Utrecht, 29 June 2021
For patients with COVID-19 who are receiving organ support in an ICU, antiplatelet therapy, either with aspirin or P2Y12 inhibitor (which were found to be equivalent), was ineffective at improving the composite endpoint of death and organ support free days when compared to no antiplatelet therapy.
These findings, based on an analysis of 1467 critically ill patients, which are yet to be published, come from the REMAP-CAP trial, led in Europe by the University Medical Center in Utrecht, the Netherlands. At a planned adaptive analysis, the probability of futility of antiplatelet therapy (defined as an odds ratio of < 1.2) was 98%, well above the platform threshold of 95%. Previously, aspirin and P2Y12 inhibition had been proven to be equivalent in the trial. The odds ratio for improving the primary outcome of death and organ support free days was 0.99 (95% Credible Interval 0.82 – 1.19) for these drugs, compared to control.
REMAP-CAP began investigating treatments for COVID-19 in March 2020, enrolling hospitalized non-critically ill and critically ill patients. The study design randomizes patients to multiple combinations of treatments, enabling researchers to evaluate different treatments for COVID-19, including drugs which modulate the immune response, drugs affecting the coagulation system, and therapies that modulate or support other vital aspects of the body’s response to the virus.
Since the start of the pandemic, over 12.500 randomizations of patients with COVID-19 have occurred in the trial, at over 320 hospitals worldwide. REMAP-CAP investigates 48 current or completed interventions in 14 different treatment domains. The study has released and published several platform conclusions that have contributed to finding the best treatment for these patients.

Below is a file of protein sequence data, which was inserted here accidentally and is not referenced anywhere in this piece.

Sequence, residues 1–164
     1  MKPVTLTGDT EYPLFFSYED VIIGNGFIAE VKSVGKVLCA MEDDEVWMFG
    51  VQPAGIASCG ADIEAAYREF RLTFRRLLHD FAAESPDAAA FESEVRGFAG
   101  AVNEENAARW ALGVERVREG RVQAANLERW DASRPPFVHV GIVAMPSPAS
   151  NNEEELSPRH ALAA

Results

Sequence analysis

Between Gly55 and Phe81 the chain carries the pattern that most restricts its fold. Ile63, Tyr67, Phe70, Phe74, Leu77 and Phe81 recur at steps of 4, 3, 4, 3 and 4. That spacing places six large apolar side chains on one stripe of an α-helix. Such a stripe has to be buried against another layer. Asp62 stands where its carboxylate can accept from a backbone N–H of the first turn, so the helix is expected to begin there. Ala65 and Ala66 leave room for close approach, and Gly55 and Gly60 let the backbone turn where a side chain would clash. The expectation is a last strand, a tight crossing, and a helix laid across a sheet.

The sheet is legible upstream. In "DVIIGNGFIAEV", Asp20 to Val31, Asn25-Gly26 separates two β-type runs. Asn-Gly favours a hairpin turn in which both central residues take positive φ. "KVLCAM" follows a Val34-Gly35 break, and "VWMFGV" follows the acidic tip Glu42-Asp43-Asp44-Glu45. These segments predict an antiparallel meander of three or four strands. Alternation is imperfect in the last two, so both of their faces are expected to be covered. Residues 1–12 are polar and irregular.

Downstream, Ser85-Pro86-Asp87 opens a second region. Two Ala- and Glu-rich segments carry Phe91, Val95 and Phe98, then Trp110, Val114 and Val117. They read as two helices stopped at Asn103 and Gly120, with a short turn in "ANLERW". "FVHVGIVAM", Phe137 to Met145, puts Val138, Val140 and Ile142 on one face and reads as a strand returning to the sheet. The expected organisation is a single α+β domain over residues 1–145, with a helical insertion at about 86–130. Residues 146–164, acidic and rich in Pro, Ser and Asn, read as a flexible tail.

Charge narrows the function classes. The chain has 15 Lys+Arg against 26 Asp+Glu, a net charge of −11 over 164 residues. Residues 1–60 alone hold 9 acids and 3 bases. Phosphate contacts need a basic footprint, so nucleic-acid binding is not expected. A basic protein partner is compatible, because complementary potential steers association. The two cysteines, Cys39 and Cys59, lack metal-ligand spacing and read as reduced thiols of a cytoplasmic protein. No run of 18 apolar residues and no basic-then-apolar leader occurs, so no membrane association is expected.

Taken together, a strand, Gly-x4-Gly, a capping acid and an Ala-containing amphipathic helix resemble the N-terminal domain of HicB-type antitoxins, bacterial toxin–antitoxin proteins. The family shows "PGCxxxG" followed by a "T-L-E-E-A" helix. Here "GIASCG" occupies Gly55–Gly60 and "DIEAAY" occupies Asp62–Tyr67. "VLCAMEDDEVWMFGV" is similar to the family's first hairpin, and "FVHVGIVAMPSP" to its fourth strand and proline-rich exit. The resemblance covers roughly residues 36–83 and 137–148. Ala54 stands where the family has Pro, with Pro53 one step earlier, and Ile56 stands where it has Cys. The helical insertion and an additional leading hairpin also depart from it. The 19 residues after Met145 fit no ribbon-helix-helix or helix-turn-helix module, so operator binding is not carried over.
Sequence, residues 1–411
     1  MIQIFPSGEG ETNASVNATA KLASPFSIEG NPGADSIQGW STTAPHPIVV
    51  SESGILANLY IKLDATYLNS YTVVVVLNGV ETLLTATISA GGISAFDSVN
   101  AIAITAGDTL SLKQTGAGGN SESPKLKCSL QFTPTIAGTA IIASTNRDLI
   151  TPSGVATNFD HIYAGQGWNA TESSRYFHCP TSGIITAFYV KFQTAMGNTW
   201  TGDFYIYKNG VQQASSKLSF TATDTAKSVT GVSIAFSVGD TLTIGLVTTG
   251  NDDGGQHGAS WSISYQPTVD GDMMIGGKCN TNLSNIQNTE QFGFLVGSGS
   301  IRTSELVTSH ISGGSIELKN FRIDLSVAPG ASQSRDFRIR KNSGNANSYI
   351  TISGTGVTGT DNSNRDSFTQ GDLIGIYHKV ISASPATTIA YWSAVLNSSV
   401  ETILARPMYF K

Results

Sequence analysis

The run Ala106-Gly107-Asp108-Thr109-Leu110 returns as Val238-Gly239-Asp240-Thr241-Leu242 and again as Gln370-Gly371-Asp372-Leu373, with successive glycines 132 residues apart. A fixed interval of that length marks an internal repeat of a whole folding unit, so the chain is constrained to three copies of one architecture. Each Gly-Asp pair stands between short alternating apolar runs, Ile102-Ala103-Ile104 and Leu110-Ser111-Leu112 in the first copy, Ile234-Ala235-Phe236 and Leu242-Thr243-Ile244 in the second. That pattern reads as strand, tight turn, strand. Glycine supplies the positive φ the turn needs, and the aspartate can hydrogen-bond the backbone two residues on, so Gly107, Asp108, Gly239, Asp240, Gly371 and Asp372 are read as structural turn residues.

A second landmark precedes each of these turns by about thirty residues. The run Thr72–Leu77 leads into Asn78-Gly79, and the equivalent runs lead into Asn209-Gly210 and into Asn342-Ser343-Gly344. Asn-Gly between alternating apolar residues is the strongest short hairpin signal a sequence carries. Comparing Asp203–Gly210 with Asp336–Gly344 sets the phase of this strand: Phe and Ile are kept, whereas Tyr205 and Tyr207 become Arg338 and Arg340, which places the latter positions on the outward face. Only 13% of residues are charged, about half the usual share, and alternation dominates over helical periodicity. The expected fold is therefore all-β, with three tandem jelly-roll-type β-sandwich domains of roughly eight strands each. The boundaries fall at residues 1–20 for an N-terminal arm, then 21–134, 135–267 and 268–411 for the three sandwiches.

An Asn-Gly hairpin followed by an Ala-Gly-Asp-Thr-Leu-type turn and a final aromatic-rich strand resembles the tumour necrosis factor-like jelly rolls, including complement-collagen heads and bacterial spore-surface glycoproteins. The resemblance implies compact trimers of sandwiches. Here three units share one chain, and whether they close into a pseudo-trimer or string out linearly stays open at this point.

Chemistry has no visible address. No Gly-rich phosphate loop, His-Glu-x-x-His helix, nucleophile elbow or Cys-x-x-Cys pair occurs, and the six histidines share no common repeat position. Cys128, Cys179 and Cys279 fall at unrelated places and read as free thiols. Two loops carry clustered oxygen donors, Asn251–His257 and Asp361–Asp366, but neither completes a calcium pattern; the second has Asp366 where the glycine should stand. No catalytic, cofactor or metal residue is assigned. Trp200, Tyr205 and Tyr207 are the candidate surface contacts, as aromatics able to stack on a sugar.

We look forward to receiving more detailed analysis that includes thrombotic and bleeding outcomes to properly understand the context of these results. These valuable research findings add significantly to the accumulating evidence of antithrombotic use in patients with COVID-19 and represent the hard work of many individuals. We would like to sincerely thank the investigators, research coordinators, participants and their families, who continue to support REMAP-CAP for their contribution.
This project has received funding from the European 7th Framework Programme under grant agreement No .
This project has received funding from the European Union’s Horizon 2020 research and innovation programme under grant agreement No .
REMAP-CAP (The Randomized Embedded Multifactorial Adaptive Platform for Community Acquired Pneumonia) is an ongoing adaptive clinical trial already involving more than 2000 COVID-19 patients at more than 260 clinical sites around the world.
REMAP-CAP continues to evaluate multiple other treatments, including therapeutic anticoagulation, antiplatelet agents, apremilast, eritoran, anakinra, sarilumab, vitamin C, simvastatin, convalescent plasma, macrolides, and antibiotics.
For more information, see the UMC Utrecht website